Publication Date

2015

Abstract

This study employed an exploratory approach to generate detailed information about how in-store shopping experiences and exposure to sales promotion activities feature in the alcohol choices of Australian 18–21 year old drinkers. The qualitative methods of interviews, focus groups, and emailed narratives were used during 2014 to collect relevant data. The findings suggest that young drinkers' in-store shopping experiences and exposure to sales promotions influence the type, range, and quantity of alcohol purchased. In particular, the role of sales staff can be critical in increasing the amount of alcohol purchased by drawing drinkers' attention to and encouraging their participation in sales promotions. There thus appears to be an important interaction between promotional practices and young drinkers purchasing substantially larger quantities of alcohol than originally intended. Such practices need review in light of the high risk of alcohol-related harm experienced by many members of this age group.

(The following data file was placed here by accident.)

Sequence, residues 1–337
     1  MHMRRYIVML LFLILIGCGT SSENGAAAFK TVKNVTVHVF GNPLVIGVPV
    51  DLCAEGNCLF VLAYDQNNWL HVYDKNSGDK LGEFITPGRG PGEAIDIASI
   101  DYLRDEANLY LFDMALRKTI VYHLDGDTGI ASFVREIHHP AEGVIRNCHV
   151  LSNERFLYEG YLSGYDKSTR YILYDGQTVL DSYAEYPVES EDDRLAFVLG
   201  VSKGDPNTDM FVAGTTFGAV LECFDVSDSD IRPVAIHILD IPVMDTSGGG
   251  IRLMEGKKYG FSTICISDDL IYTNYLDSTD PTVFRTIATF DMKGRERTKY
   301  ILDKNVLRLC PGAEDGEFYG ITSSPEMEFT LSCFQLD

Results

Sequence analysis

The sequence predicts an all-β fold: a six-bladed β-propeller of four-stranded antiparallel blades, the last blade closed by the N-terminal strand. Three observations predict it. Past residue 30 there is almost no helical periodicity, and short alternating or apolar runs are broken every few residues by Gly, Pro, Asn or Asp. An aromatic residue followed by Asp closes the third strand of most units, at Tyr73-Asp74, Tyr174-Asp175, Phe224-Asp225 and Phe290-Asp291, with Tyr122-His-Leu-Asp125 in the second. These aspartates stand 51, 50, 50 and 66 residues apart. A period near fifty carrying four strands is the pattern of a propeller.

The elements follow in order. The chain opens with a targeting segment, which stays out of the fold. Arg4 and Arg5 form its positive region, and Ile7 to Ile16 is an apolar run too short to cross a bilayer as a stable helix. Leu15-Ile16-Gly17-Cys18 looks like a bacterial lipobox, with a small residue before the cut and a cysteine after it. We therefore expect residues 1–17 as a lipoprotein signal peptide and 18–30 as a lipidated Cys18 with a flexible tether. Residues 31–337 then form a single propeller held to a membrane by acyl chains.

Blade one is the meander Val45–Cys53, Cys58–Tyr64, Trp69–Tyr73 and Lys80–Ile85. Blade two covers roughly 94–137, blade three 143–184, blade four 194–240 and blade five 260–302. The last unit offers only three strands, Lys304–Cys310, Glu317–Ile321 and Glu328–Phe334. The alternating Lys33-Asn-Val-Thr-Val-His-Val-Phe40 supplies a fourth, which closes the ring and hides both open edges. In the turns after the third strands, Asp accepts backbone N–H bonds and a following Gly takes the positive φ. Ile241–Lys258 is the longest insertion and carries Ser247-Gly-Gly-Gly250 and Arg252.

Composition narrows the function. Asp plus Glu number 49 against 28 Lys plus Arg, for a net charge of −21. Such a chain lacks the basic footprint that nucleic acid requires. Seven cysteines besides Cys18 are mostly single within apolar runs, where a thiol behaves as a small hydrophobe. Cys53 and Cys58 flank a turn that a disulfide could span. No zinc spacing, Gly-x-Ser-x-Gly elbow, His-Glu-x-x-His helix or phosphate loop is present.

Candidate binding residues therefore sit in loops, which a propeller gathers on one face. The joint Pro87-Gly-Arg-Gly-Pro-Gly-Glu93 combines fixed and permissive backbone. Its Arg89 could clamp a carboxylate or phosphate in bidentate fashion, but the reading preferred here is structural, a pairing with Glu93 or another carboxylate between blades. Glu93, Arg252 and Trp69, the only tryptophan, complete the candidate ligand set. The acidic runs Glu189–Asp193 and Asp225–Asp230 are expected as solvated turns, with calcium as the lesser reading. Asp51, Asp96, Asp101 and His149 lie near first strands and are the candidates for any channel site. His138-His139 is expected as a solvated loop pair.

School/Institute

Centre for Health and Social Research

Document Type

Journal Article

Access Rights

ERA Access

Access may be restricted.

Share

COinS